The bottomline of the latest CBI episode is that the court which had once called the central investigation agency a 'caged parrot', now has passed up its opportunity to restore its independence. After a simple question of law had passed through two and a half months and six trial sessions, what emerged is unfortunately a judgement with ambiguities and contradictions.
The tussle between CBI Director Alok Verma and Special Director Rakesh Asthana led to some corruption stories coming to the fore. When the CBI vs CBI tug-of-war intensified, the Centre sent both of them on leave. It was the legal validity of this order released on the midnight of 28 October which kept him out of the agency, that Alok Verma questioned in the court. The matter should have ended with the Supreme Court's verdict that the procedure followed for his ouster was not legal. But the court waited for some time to obtain, and ascertain the veracity of the allegations against Verma in the findings of the Central Vigilance Commission (CVC) – although that was purely out of the purview of the issue before the court. Further, the mention in the order reinstating Alok Verma - that Alok Verma should not take any policy decision - only added to the legal confusion. With only a few days remaining before the end of Verma's tenure, the court also pointed out the proper procedure for ousting him. And the government promptly took that course to the end it desired.
The Centre convened an urgent meeting of the high level committee comprising the prime minister, Chief Justice's delegate and leader of the Opposition. Disregarding the dissent note of Opposition leader Kharge, Narendra Modi and Justice Sikri decided, as a majority resolution, to remove Alok Verma. Verma had rescinded all transfer orders which his interim successor and acting diretor Nageswara Rao had issued in the former's absence. And when Rao came back to his post, he lost no time in re-issuing the same transfer orders. Suffice is to say, if one wants to put it mildly, that this series of events involving CBI, CVC, Central Government and the Supreme Court, did not help at all to raise the prestige of the country.
In effect, keeping Alok Verma out for the duration of his last days in office with a retirement date of 31 January, the haste and panic of 'legally' dismissing him - closely on the heels of the court reinstating him – will raise suspicions in even a mere spectator. The committee including a judge of the Supreme Court was not even prepared to hear what Verma had to say about the allegations against him. Kharge tried to argue that out of the ten allegations, six were baseless and for the other four there were only circumstancial evidence. Further, the message emerging from posting the 'accused' Verma as Director General of Fire Service, Civil Decence and Home Guards is that the corruption allegations against him have relevance only for his tenure as CBI head, i.e., there are some who are scared of his occupying that position. Of course, reports had been heard that he was preparing for probe into some in the CBI and CVC and was about to prepare the FIR regarding the Rafale deal. Altogether, one cannot help saying that there was an unmistakabe haste in the effort to remove Verma from the top of CBI as soon as possible. That haste alone is sufficient for any one to suspect foul play in the exercise. Also to be remembered is the complaint by CBI's DIG, MK Sinha that National Security Advisor Ajit Doval was interfering in the cases against Asthana. Many including Sinha, who had been transferred, were said to have been part of the probe into the corruption charges against Asthana.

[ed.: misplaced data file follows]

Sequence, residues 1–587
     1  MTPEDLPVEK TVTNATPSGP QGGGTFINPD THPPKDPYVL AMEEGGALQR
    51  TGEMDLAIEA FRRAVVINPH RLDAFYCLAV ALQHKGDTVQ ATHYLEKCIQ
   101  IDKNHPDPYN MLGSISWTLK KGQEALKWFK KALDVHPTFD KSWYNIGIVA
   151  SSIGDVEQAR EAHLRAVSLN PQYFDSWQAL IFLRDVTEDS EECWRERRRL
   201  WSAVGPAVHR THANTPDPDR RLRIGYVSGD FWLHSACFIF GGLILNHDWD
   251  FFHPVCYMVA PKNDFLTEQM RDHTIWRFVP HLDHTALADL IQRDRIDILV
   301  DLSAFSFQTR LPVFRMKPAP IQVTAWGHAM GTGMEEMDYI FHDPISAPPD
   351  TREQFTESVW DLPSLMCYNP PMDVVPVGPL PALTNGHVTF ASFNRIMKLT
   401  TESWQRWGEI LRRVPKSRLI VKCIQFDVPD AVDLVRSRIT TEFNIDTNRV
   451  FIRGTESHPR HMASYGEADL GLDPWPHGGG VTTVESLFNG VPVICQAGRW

The provision that CBI Director's term should not be prematurely terminated, is written down in order to ensure the independent nature of CBI. It is really unfornate that with the intervention by the judiciary, that has been rendered ineffective. What Alok Verma pleaded before the Supreme Court is clear: the Centre or the CVC has no power to remove him from the post of Director. The court, which conceded the contention, went further to go in judgement on the allegations against Verma – a matter that was not its call then. This resulted in two things: one, it opened another door to terminate Verma who had questioned the tenability of his ouster. Two, he was denied several crucial days. That was why Kharge argued that he was entitled to the days he lost by his dismissal, a dismissal which the court itself had found illegal. Both the judicial delay in deciding on his complaint and the haste displayed by the Centre in ousting him in 'proper manner' together turned out to be advantages for the Centre in effect. And the overall outcome of the whole episode is that CBI was made subservient to the Centre. Finally, among the list of institutions which Modi government brought within its sweep to a lesser or greater degree, i.e. Reserve Bank, Central Information Commission and others, here is another addition: CBI. The judiciary should not have been a trigger for this process.